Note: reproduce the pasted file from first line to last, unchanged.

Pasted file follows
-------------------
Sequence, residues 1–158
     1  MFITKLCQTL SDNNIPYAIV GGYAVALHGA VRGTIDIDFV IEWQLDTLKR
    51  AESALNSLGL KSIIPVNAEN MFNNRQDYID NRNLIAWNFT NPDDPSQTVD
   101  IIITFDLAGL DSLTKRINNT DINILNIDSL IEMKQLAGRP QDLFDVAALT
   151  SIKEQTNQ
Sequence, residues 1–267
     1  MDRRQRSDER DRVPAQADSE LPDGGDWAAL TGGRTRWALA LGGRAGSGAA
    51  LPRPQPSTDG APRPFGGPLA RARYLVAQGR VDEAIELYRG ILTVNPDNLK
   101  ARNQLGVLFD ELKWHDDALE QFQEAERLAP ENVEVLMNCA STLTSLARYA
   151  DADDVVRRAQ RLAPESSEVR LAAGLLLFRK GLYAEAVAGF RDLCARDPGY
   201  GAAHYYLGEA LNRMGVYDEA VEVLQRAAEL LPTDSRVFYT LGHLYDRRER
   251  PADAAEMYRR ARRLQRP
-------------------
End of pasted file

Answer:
Sequence, residues 1–158
     1  MFITKLCQTL SDNNIPYAIV GGYAVALHGA VRGTIDIDFV IEWQLDTLKR
    51  AESALNSLGL KSIIPVNAEN MFNNRQDYID NRNLIAWNFT NPDDPSQTVD
   101  IIITFDLAGL DSLTKRINNT DINILNIDSL IEMKQLAGRP QDLFDVAALT
   151  SIKEQTNQ
Sequence, residues 1–267
     1  MDRRQRSDER DRVPAQADSE LPDGGDWAAL TGGRTRWALA LGGRAGSGAA
    51  LPRPQPSTDG APRPFGGPLA RARYLVAQGR VDEAIELYRG ILTVNPDNLK
   101  ARNQLGVLFD ELKWHDDALE QFQEAERLAP ENVEVLMNCA STLTSLARYA
   151  DADDVVRRAQ RLAPESSEVR LAAGLLLFRK GLYAEAVAGF RDLCARDPGY
   201  GAAHYYLGEA LNRMGVYDEA VEVLQRAAEL LPTDSRVFYT LGHLYDRRER
   251  PADAAEMYRR ARRLQRP